South Pennine Grasslands : A Case for conservation

The value of grasslands in the South Pennines is increasingly being recognised. A workshop attended by 40 volunteers and officers was hosted by the National Trust on the 4th October 2017 in Hardcastle Cargs. We have in the South Pennines grasslands that contain waxcaps that are of international importance and yet little recognised. We looked at the state of South Pennine grasslands and considered a case for conservation.


In-bye land , haymeadows and pasture bounded by traditional dry stone walls are part of what makes the South Pennine landscape so distinctive. They have sustained farming in the South Pennines for centuries. However, nationally over 90% of flower-rich meadows have been lost in England since the Second World War to agricultural improvement. Here in the South Pennines hay meadows tend to be intensively managed for silage, although recent initiatives have sought to restore or protect flower rich grassland important for birds, pollinators and waxcaps.

Lancashire Wildlife Trust manages the South Pennine Grassland Project seeking to create 50 hectares of new flower rich grassland by 2019 mostly in Lancashire.
Download Philip Redell’s presentation on the South Pennine Grassland project managed by Lancashire Wildlife Trust

The Birds………………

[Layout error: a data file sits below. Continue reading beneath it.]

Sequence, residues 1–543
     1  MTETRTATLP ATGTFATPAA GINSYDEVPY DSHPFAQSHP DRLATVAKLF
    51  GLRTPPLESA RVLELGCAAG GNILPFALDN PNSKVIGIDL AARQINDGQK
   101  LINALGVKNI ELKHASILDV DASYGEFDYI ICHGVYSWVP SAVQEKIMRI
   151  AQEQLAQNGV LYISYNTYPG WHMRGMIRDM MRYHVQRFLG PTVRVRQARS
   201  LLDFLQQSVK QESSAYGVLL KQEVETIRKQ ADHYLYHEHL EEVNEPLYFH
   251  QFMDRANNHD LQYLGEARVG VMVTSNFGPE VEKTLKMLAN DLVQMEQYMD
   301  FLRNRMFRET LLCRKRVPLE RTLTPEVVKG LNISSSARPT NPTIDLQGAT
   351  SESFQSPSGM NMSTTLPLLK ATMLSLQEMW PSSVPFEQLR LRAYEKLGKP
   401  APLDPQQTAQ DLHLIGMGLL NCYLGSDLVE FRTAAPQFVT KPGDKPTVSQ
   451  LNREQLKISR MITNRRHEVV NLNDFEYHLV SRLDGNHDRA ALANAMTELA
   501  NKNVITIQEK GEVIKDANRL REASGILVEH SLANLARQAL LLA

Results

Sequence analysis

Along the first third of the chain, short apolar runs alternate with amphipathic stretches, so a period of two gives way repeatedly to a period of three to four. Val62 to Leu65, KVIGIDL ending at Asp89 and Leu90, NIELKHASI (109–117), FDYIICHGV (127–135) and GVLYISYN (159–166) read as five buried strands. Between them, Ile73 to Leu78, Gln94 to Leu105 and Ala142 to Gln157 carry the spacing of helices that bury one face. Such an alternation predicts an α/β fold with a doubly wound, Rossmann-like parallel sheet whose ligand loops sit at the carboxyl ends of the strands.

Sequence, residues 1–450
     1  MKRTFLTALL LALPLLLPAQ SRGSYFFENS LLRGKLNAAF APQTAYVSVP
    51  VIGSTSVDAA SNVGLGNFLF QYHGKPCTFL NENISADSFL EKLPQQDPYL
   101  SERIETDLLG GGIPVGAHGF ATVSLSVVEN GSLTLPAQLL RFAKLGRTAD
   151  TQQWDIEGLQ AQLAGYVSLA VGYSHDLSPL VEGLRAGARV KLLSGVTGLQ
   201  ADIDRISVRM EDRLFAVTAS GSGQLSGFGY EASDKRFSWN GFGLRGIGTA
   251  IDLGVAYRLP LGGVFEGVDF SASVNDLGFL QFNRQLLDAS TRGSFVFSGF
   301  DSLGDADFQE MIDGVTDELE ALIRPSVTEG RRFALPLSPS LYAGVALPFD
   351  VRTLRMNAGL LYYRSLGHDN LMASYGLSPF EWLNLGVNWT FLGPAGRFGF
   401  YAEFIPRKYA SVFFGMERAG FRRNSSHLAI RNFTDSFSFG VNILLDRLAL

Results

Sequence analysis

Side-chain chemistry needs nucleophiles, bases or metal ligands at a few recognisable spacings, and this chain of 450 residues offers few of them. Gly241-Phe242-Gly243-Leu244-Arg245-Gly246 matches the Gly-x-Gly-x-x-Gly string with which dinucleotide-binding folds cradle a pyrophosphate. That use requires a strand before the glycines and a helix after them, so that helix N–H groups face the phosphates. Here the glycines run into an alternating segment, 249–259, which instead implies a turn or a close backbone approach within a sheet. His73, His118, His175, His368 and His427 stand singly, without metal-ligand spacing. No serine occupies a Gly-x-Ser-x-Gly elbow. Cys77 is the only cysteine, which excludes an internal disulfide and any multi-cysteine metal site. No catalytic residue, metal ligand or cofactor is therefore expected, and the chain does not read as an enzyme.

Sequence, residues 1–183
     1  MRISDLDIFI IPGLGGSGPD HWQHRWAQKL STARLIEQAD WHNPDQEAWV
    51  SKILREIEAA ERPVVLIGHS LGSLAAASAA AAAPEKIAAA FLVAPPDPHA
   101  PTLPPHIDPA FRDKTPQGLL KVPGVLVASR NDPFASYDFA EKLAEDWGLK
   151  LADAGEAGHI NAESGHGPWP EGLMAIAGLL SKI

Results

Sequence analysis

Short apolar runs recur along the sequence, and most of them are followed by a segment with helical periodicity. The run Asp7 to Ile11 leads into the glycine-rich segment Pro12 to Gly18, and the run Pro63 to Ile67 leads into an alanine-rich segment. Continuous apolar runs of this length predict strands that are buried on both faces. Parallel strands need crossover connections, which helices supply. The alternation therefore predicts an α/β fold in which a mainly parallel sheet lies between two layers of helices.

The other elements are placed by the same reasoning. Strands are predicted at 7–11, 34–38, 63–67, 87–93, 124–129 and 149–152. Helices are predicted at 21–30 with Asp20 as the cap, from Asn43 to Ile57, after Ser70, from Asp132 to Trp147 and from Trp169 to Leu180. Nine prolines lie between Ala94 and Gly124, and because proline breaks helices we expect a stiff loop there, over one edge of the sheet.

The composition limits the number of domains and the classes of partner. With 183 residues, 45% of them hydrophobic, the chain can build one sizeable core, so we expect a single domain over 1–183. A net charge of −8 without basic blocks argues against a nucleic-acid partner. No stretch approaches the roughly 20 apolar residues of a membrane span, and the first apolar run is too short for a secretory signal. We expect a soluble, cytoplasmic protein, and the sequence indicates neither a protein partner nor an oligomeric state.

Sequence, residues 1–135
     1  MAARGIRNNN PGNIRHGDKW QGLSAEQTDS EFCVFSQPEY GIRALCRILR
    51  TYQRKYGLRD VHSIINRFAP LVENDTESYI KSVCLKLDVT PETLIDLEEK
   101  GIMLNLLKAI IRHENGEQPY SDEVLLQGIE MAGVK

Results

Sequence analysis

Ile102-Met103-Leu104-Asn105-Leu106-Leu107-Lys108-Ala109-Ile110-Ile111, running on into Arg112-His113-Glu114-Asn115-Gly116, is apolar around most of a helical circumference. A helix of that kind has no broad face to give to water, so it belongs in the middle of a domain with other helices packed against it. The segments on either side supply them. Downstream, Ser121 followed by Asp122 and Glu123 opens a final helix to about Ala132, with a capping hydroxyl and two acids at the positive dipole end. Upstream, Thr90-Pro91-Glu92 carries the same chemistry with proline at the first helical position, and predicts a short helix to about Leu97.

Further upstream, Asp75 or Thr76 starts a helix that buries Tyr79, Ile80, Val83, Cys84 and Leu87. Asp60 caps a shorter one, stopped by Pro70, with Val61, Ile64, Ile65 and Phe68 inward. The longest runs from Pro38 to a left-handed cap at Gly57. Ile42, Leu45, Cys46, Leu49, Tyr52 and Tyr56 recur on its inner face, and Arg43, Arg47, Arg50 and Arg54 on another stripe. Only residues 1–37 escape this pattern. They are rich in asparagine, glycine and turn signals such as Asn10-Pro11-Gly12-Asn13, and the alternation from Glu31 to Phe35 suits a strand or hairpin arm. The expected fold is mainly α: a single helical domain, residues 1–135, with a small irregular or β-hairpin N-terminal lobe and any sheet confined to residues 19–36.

The Twite (or Pennine Finch) is on the IUCN red list for threatened species. South Pennine flower-rich meadows are the feeding areas for the last remaining Twite in England. The Twite Recovery Project managed by the RSPB and Natural England has worked with over 60 landowners since 2010 to protect and restore nearly 500 hectares of hay meadow close to Twite colonies.
Download Katie Aspin’s presentation on the RSPB Twite Recovery Project in the South Pennines

The Bees……

Flower-rich grassland is critical to supporting pollinator populations. Buglife – the invertebrate conservation trust are seeking to promote networks that seek to link grassland habitats and corridors.
Download Paul Evans Buglife presentation

Please make the ‘Pollinator Promise’ and promote it to others – encouraging them to sign it and pass on the word as well.
Pollinator promise

Buglife has produced new guidance for local authorities on producing a ‘Local Pollinator Action Plan’ – Pollinator Action Plan

…and the waxcaps…

Waxcap grassland is a term coined to describe nutrient-poor, well grazed grassland that is rich in grassland fungi, particularly waxcap (Hygrocybe) species. Recent surveys by Natural England have identified the Calder Valley as an area of significant national interest for waxcaps. Natural England is interested in looking at fungi across the valley engaging landowners and raising awareness in the wider community.
Download Andy McLay’s ( Natural England) presentation on waxcap grasslands

Over the coming months South Pennine Local Nature Partnership will be exploring how we can take this agenda forward. Do feel free to contact us.